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Critics vocal as Senate hands Bernanke a 2d term

By Jeannine Aversa and Jim Kuhnhenn
Associated Press / January 29, 2010

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WASHINGTON - Federal Reserve chairman Ben Bernanke won confirmation for a second term yesterday, but only by the closest vote ever for the crucial post and after withering criticism from US lawmakers for bailing out Wall Street while ordinary Americans suffered during the recession.

The Senate confirmed Bernanke for a four-year term by a 70 to 30 vote, a margin 14 votes narrower than the closest previous vote for a Fed chairman.

The Senate battle over Bernanke’s confirmation has been a test of central bank independence, a crucial element if the Fed is to carry out unpopular but economically essential policies. Its decisions on interest rates can have immense consequences, affecting the success or failure of the largest companies, the typical home buyer’s ability to get an affordable loan, and the price of cereal at the grocery store.

Created by Congress in 1913 after a series of bank panics, the Federal Reserve is an independent agency, supposedly removed from politics, but its chairman is often assailed by lawmakers and others when the economy falls.

“Bernanke fiddled while our markets burned,’’ huffed Richard Shelby, the top Republican on the Senate Banking Committee, during yesterday’s debate. “Ben Bernanke’s Federal Reserve played a key role in setting the stage for the financial crisis.’’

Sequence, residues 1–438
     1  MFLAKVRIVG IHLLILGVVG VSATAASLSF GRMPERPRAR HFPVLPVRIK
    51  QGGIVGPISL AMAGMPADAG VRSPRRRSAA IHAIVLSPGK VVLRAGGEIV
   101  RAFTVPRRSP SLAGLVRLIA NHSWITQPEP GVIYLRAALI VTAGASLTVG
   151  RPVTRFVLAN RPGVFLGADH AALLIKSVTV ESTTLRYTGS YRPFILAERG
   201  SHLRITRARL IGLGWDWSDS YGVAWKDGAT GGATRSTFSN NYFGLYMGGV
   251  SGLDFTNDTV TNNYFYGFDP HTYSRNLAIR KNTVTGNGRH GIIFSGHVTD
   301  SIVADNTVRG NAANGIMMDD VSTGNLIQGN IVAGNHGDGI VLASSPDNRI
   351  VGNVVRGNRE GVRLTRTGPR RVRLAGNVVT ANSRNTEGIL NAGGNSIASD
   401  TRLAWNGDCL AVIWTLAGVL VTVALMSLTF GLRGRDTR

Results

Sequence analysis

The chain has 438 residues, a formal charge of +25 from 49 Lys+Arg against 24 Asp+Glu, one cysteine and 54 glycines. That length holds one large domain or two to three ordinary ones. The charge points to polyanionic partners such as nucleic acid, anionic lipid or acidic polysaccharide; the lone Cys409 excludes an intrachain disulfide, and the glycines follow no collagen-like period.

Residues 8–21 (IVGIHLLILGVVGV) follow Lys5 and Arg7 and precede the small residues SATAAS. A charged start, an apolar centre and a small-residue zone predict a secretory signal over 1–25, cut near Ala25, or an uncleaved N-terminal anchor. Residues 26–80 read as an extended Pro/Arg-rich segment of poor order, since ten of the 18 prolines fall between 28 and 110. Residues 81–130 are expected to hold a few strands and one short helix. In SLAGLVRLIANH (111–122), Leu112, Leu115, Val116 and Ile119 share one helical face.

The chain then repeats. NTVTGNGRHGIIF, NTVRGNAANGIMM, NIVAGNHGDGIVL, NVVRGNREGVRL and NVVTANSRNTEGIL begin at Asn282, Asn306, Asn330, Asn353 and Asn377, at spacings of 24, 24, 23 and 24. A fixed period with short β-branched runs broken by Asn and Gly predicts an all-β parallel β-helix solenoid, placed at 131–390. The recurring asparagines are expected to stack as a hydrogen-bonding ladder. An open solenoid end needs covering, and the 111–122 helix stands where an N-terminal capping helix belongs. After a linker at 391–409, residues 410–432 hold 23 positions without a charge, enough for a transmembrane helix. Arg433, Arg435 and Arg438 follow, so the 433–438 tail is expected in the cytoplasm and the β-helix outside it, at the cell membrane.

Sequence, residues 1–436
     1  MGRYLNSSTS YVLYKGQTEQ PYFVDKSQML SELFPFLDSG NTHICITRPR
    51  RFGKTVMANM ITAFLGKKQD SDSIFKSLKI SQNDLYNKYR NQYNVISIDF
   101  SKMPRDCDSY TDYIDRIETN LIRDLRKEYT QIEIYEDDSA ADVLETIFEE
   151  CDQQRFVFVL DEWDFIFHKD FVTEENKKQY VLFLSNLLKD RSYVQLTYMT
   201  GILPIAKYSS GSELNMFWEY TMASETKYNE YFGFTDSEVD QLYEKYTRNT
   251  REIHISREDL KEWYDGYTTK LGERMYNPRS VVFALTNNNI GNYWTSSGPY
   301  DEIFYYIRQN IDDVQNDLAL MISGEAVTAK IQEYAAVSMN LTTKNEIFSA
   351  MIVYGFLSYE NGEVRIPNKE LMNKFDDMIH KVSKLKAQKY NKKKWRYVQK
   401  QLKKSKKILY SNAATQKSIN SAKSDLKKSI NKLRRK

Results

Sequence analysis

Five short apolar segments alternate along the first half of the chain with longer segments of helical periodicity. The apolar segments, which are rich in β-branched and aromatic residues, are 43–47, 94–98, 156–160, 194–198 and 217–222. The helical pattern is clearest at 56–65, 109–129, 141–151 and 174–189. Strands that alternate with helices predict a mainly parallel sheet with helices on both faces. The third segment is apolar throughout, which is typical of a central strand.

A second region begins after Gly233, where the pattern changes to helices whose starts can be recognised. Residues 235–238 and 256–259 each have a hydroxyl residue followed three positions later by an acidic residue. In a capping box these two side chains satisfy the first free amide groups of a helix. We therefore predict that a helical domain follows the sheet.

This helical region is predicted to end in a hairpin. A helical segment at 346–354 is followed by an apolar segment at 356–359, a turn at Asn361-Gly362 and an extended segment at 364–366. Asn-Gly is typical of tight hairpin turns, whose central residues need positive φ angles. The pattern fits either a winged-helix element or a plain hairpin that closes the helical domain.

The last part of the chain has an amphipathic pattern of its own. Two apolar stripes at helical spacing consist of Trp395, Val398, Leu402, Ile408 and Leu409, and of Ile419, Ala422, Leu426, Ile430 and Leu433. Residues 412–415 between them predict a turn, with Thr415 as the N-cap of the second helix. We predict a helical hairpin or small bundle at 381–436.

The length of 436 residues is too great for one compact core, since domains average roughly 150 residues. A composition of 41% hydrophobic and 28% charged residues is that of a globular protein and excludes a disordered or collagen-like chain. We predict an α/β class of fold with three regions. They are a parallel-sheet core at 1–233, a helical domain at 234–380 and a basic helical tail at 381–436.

Shelby and other opponents blame Bernanke for failing to spot problems leading up to the crisis, for lax bank regulation, and for not cracking down on dubious home mortgage practices. All those missteps contributed to the recession, they contend.

But supporters see it far differently.

“The chairmanship of Ben Bernanke has in no small measure made it possible for this nation to avoid a catastrophe,’’ said Senator Christopher Dodd, the Connecticut Democrat who chairs the Senate Banking Committee.

Senator Chuck Schumer, a Democrat and Bernanke supporter, worried that the bitter fight over the nomination would send “the message that the Federal Reserve and its monetary policy decisions are under the thumb of Congress. Businesses will be faced with the prospect that the Fed might not be able to do what’s necessary for the economy because of pressure from Congress.’’

The confirmation vote came at nearly the last possible moment - Bernanke’s current term expires Sunday.

The closest previous final confirmation vote for a Fed chairman was 84-16 for Paul Volcker’s second term in 1983, following another severe recession.

After yesterday’s vote, Treasury Secretary Timothy Geithner said: “The Senate did the right thing. Chairman Bernanke will continue to play a vitally important role in guiding the nation’s economy.’’

First appointed by President George W. Bush and then renominated by President Obama, Bernanke has found himself without a broad constituency in the Senate.

Bernanke has admitted making mistakes - including underestimating the threat of a booming housing market that eventually went bust and the resulting fallout. But he insists he can safely steer the recovery from the worst recession since the 1930s.